Here’s a piece of useless trivia you never thought you needed; what is the name of the monocle-wearing dandy who appeared on the first ever cover of The New Yorker and has gone on to become its mascot? The answer is Eustace Tilley, and for many years the magazine published his image almost unchanged when its birthday rolled around at the end of February.
Since 1994 though the publication has had fun playing around with the famous motif, as art director Françoise Mouly explains: “The magazine’s presiding dandy has since been parodied, subverted, or deconstructed on most of our anniversary covers. Contributions by our artists – and by readers participating in Eustace Tilley contests – have included comic-strip Tilleys, dog Tilleys, tattoed Tilleys, emoji Tilleys, and twerking Tilleys.”
This year’s anniversary is a bit of a big one with The New Yorker turning 90, and so Françoise and editor David Remnick have decided to publish no fewer than nine different covers after inviting suggestions from their cover artists. So Kadir Nelson, Carter Goodrich, Anita Kunz, Roz Chast, Barry Blitt, Istvan Banyai, Lorenzo Mattotti, Peter Mendelsund and Christoph Niemann will all see their designs printed and there’s a pleasing array of styles, approaches and concepts from Kadir’s dragging of Eustace into the present day to Lorenzo’s unashamedly indulgent close crop.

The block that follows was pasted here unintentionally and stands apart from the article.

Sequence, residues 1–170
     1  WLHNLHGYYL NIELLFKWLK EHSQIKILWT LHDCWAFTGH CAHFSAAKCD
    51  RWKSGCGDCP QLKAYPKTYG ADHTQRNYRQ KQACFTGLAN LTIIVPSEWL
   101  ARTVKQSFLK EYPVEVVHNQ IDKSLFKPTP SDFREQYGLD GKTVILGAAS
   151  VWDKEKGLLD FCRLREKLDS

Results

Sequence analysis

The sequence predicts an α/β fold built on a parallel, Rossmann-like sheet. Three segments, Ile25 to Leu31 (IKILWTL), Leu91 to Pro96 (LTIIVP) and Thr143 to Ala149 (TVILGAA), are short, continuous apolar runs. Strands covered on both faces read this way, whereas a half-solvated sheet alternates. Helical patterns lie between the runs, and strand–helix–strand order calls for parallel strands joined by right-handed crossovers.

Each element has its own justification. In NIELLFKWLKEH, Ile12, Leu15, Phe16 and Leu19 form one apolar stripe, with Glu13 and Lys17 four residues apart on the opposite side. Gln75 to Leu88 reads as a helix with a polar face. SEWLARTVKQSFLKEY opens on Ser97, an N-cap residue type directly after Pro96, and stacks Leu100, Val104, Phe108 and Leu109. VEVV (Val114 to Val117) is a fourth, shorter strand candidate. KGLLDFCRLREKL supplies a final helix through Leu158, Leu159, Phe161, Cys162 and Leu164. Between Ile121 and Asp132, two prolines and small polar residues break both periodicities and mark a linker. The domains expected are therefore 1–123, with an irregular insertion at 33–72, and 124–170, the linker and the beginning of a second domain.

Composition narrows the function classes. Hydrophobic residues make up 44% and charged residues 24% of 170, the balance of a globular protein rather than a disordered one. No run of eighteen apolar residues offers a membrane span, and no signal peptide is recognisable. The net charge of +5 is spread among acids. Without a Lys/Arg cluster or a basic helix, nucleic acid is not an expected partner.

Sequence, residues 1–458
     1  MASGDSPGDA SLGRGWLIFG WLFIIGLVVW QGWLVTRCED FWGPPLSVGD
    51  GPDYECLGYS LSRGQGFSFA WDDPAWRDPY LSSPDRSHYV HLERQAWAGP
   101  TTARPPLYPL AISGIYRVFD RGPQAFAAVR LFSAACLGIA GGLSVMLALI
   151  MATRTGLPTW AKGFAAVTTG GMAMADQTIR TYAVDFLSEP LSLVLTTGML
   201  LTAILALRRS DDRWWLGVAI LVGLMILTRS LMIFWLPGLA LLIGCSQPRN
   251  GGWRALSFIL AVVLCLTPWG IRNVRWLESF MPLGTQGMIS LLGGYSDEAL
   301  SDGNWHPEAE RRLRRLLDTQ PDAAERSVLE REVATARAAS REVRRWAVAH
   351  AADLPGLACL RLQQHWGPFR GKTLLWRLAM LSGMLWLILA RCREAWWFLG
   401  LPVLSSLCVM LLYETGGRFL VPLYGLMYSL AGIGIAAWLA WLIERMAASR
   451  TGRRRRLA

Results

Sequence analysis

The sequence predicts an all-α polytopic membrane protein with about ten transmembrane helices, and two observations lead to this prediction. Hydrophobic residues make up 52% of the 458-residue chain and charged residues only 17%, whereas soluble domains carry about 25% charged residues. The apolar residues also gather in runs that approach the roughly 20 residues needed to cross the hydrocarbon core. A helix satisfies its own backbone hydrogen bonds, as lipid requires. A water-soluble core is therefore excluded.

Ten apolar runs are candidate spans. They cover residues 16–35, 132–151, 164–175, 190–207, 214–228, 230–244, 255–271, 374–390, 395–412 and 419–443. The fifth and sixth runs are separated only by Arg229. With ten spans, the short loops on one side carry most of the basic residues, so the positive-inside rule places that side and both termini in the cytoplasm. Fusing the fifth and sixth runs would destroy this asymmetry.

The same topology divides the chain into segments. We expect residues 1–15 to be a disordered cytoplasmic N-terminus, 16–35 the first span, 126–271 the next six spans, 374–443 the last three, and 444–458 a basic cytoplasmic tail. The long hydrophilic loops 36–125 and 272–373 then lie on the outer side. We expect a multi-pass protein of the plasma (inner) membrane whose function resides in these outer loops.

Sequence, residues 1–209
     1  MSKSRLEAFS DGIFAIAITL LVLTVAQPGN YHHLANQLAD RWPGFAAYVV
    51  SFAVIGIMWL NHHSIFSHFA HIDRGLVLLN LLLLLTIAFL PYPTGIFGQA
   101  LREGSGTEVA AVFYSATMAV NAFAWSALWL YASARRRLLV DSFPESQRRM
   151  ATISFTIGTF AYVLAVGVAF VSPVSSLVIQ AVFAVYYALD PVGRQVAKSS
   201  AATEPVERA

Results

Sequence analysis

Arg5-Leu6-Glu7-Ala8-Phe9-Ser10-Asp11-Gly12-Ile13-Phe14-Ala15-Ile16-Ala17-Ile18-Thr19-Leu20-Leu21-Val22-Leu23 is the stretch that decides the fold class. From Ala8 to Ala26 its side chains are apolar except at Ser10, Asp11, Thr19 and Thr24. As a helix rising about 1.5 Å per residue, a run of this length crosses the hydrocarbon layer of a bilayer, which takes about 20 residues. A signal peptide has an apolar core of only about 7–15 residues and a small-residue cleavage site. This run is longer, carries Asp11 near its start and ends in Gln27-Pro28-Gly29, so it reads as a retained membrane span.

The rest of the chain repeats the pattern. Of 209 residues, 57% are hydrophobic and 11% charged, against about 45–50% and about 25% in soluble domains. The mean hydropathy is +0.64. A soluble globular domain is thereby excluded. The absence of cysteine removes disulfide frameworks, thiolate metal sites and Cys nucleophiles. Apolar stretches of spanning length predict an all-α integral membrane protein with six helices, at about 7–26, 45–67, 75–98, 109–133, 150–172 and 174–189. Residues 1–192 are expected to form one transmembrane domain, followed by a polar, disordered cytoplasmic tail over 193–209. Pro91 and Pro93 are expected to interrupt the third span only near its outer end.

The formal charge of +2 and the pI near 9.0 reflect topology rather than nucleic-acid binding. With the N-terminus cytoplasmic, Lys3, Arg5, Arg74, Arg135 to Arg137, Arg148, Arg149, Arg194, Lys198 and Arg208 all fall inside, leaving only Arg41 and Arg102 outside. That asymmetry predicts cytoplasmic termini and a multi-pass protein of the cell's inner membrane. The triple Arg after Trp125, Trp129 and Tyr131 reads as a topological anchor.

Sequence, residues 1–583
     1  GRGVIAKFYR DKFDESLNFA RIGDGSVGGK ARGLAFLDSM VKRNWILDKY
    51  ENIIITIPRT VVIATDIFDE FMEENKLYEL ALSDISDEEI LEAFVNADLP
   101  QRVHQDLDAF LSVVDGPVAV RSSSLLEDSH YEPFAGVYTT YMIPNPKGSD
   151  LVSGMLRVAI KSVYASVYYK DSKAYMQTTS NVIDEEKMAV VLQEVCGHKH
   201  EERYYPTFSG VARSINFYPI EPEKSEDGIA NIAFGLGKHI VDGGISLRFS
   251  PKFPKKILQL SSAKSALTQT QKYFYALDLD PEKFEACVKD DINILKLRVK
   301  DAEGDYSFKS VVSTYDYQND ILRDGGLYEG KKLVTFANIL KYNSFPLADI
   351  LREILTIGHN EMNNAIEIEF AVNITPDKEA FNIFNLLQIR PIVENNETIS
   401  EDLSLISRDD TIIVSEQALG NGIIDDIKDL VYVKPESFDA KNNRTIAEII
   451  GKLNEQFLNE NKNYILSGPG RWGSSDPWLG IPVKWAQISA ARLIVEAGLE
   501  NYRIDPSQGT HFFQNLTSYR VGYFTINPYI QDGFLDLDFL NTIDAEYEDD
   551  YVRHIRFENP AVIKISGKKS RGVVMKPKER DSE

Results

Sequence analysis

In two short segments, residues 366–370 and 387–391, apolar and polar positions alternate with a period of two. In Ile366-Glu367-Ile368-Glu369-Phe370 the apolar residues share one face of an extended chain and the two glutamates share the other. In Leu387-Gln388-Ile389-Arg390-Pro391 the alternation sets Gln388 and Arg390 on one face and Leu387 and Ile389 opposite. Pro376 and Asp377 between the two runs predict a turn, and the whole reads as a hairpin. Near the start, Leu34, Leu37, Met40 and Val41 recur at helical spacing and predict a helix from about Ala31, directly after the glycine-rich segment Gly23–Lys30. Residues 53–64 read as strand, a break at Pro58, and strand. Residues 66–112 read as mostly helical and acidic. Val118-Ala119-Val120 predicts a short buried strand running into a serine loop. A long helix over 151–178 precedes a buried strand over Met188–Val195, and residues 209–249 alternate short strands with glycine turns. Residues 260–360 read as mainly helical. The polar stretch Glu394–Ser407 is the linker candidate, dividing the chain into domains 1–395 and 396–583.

“Each brings Eustace Tilley squarely into the 21st Century,” Françoise says, “and proves that art is as alive on the cover of the magazine today as it was in 1925.”
- Victor Fonseca treats his graphic design practice like a “playground”
- Photographer Jack Latham investigates the hidden conspiracies of Bohemian Grove
- Stella Park’s warm illustrations reflect her outlook on life
- Ugly beauty and challenging established norms feature in Jade Palace's collaboration with Yat Pit
- Astrid Seme elevates an artist’s work by challenging it through the lens of design
- Elizabeth Hibbard’s unsettling photographs examine subjective experience with a visceral gaze
- New study claims to pinpoint the most creative time of day, down to the minute
- Singapore-based studio Swell explores the idea of the banished book
- "My little niece and my grandmother like the game equally": how Playables made the simply addictive Kids
- In being "open to possibilities" still life painter Duane Keiser paints the everyday joys of life
- What the cluck? KFC releases limited-edition bucket hat
- For Bizzarri-Rodriguez, book design “is everything except a science”